But this wasn't Andrew Luck of 2012, 2013, 2014, 2015 or even 2016. The 2018 Andrew Luck has come to his senses.
All he had to do is think back to his shoulder, ribs, lacerated kidney and having missed 26 games over the past three-plus seasons to realize that his long-term health is more vital to the Indianapolis Colts organization than using his 6-foot-4, 240-pound frame to try to make a play.
As good as Luck's passing has been in his comeback from missing 2017 with his shoulder injury, he's been just as good with his decision-making when it comes to protecting his body. It's part of his maturation process.
"It's weird, but I am happy I chose -- in those two instances -- to do what I did," Luck said. "It's more important to be on the field as a quarterback. That's the truth. Certainly situationally, you will take hits. I'd like to think that if it was the fourth quarter in a really tight game that I would have put my shoulder down to get in the end zone and taken a hit. But within the context of this game, I think I did the right thing."
Colts owner Jim Irsay has consistently talked over the years about how Luck needs to think like a quarterback and not like a tight end when it comes to protecting his body. Irsay mentioned in London in 2016 how Peyton Manning would do a "little fox trot" while also staying out of the "fray" of possibly taking unnecessary hits to preserve his longevity after throwing an interception.
"He has to change the way he plays, only because it's just natural that he is not a 22-year-old kid at Stanford who could play tight end or quarterback," Irsay said about Luck on Oct. 1, 2016. "He has to understand -- and he learned from the Denver game -- the importance of staying on the field. I think honing his game is the key."
That message has finally sunk in for Luck.
An example occurred when Luck threw his third interception against the New York Jets in Week 6. He started to pursue linebacker Darron Lee before slowing down. On Sunday, Luck handed the ball off to Hines on a reverse and was in position to help block on the run, but he just stopped in the middle of the field and let the play go by him on Hines' 18-yard gain.
The most obvious situation where it was clear Luck is more worried about protecting himself occurred when he broke the pocket and scrambled five yards getting as close to the goal line as he could before running out of bounds on Buffalo's 1-yard line. There wouldn't have been any denying the old Luck in that situation. He would have taken on any Bills defender by trying to go through or over him, no matter the size. But Luck wanted to avoid being injured, and it helped that the Colts had a 24-5 lead at the time.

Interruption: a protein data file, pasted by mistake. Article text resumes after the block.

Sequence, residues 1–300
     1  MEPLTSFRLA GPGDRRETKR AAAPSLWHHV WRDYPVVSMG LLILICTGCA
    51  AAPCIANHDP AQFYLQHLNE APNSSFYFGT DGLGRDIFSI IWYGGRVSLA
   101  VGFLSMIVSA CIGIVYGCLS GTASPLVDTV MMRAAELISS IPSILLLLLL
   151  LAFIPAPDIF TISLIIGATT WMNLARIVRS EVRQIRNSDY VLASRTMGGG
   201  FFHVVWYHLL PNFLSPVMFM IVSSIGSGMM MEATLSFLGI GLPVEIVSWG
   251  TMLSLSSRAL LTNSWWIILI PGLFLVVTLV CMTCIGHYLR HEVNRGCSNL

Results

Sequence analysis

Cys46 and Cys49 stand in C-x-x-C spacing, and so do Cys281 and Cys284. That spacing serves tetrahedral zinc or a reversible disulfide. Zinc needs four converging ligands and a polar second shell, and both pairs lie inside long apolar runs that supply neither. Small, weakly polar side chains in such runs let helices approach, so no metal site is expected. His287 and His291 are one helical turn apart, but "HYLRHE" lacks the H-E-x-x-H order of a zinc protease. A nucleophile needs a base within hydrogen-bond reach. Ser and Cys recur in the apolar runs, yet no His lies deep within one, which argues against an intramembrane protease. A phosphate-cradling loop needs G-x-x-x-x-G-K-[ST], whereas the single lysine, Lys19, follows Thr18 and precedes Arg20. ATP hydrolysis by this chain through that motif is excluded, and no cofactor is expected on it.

"I was really proud of him on the one that he ran out of bounds, because I had told him," Colts coach Frank Reich said. "We were at that point of the game and I just told him, I said, 'Listen, if you happen to get into scramble mode, take care of yourself. Do not. Do not. Be smart.' I mean the game wasn't on the line at that point, so we had that conversation on the sideline, and thankfully he listened to me."
Reich, a former quarterback himself, understands the competitiveness of wanting to finish a play off.
"It's hard, especially for a guy like Andrew, right?," Reich said. "In years past, he would put his head down, and I don't know if he would have got in or not, but he certainly would have tried. Maturation -- that's what we like to see."
Luck continues to make his mark this season. The smart decision-making added to a game when he had one of the most effortless, impressive performances of his career. Luck was 17-of-23 for 156 yards, four touchdowns and wasn't sacked for the second straight week before giving way to Jacoby Brissett late in the game. The 156 yards passing were a season low for Luck because the Colts rushed for 220 yards. His four touchdown passes were for a total of 52 yards.
Luck's 15 touchdown passes over the past four games are the most by any quarterback in a four-game stretch this season and the most he's had over a four-game stretch in his career, according to ESPN Stats & Information.
"He's just loving the game," receiver T.Y. Hilton said. "He's been out so long. He missed it. Sometimes you take things away, you appreciate it more -- that's [what] he's doing. Appreciates the game more and playing it the right way."